State v. FieldsAnnotate this Case
157 N.W.2d 61 (1968)
STATE of Minnesota, Respondent, v. Louie Frank FIELDS, Appellant.
Supreme Court of Minnesota.
March 8, 1968.
*62 C. Paul Jones, Public Defender, Murray L. Galinson, Asst. Public Defender, Minneapolis, for appellant.
Douglas M. Head, Atty. Gen., Gerard W. Snell, Acting Sol. Gen., St. Paul, Wm. B. Randall, County Atty., Thomas M. Quayle and Carl Conney, St. Paul, for respondent.OPINION
FRANK T. GALLAGHER, Justice.
This is an appeal from a judgment of the Ramsey County District Court adjudging defendant guilty of unauthorized use of a motor vehicle.
The defendant, Louie Frank Fields, was arrested for felonious theft of an automobile. Although the record does not pinpoint the time of his arrest, it apparently occurred sometime in the early morning of November 29, 1965, as the information charges that the crime was committed on that day and the record discloses that defendant was apprehended a short time after the crime was committed.
Defendant was later charged by information with felonious theft. He pled not guilty.
At 9 a. m. on November 29, while defendant was in custody at the Public Safety Building in St. Paul, he was searched and several articles were taken from his person. No search warrant was obtained. On January 17, 1966, he filed a pro se motion to dismiss the complaint, charging lack of probable cause for arrest and illegal seizure of evidence.
The motion was initially heard on January 18, 1966. At that hearing, defendant's *63 counsel, the Ramsey County public defender, indicated that defendant made the motion personally and not with his advice. The court denied the motion provisionally, pending the state's decision on whether it would submit seized evidence which would require a Rasmussen notice. See, State ex rel. Rasmussen v. Tahash, 272 Minn. 539, 552, 141 N.W.2d 3, 12.
The next day, January 19, the state gave defendant notice, as required by the Rasmussen case, that it intended to introduce objects obtained from his person while in custody. Upon learning this, the trial court informed defendant that he could move to suppress this evidence, but so far as appears, he did not renew his motion at that time.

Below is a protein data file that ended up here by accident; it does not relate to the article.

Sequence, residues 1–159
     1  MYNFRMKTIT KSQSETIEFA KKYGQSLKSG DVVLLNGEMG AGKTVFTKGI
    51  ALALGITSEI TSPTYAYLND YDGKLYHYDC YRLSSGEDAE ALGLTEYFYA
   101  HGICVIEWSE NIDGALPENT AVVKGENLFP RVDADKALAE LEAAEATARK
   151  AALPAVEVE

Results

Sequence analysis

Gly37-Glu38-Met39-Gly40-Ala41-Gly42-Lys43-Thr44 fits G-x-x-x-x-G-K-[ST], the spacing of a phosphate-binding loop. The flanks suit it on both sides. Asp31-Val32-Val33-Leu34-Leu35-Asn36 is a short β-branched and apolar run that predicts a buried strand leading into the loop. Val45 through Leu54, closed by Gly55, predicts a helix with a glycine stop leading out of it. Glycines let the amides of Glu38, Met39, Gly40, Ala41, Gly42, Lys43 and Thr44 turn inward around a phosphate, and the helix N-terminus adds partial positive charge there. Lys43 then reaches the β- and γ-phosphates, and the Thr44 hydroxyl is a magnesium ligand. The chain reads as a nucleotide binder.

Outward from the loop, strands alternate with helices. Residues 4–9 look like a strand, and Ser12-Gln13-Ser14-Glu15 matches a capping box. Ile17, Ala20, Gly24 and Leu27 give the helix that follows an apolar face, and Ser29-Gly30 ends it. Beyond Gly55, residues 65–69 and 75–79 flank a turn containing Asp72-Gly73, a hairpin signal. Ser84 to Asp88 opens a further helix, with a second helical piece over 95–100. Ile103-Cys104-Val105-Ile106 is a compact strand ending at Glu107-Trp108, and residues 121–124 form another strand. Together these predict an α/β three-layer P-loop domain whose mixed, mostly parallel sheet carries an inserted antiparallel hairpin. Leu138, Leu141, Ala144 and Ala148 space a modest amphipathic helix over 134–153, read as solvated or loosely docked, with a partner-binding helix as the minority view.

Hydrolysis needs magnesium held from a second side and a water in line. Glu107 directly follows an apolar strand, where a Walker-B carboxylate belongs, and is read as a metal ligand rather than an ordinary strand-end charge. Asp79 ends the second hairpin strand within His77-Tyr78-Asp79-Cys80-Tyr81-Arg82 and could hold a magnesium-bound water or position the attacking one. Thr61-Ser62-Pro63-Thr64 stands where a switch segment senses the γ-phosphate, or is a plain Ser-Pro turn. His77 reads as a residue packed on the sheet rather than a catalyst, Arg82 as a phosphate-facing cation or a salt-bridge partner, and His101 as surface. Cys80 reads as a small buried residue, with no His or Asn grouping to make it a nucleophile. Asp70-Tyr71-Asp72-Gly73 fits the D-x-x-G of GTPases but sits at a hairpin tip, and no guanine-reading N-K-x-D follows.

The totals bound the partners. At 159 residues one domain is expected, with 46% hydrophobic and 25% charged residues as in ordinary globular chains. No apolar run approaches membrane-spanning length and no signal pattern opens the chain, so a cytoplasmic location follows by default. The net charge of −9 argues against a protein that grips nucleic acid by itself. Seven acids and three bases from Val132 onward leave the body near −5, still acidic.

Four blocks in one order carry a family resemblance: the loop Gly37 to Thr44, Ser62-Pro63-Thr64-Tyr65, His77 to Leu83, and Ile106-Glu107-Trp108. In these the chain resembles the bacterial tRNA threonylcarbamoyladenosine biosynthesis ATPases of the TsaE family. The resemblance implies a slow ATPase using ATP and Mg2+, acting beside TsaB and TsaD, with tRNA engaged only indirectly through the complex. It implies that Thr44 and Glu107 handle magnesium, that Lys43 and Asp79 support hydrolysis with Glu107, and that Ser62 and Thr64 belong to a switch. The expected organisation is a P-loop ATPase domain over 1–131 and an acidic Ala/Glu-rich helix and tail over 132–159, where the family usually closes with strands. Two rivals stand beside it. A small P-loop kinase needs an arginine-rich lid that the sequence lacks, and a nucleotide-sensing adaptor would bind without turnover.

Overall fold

The case came on for trial before judge and jury on January 20, 1966. Defendant was represented by an assistant Ramsey County public defender. Soon after the case was called for trial, the state indicated a desire to change the charge from felonious theft to unauthorized use of a motor vehicle, and said that defendant had manifested an intent to plead guilty to the latter charge. Thereupon defendant withdrew his original plea of not guilty, a new information charging unauthorized use of an automobile contrary to Minn.St. 609.55, subd. 2, was read to him, and he pled guilty to this information.
According to defendant's testimony at the interrogation following entry of his plea, he took the car from the corner of Dale Street and Concordia Avenue, drove to Dale and Selby Avenue, parked the car, and entered an apartment there, where he was arrested.
Defendant admitted that his counsel, the public defender, met with him half a dozen times, went through the charge with him, and explained all his rights. He said that he understood the nature of the crime charged in the new information, and that he made the guilty plea of his own free will. The trial court adjudged defendant guilty of unauthorized use of a motor vehicle and sentenced him to an indeterminate term not to exceed 3 years.
Defendant in this appeal contends that his counsel was incompetent and that his guilty plea was induced by misapprehension as to the admissibility of illegally seized evidence.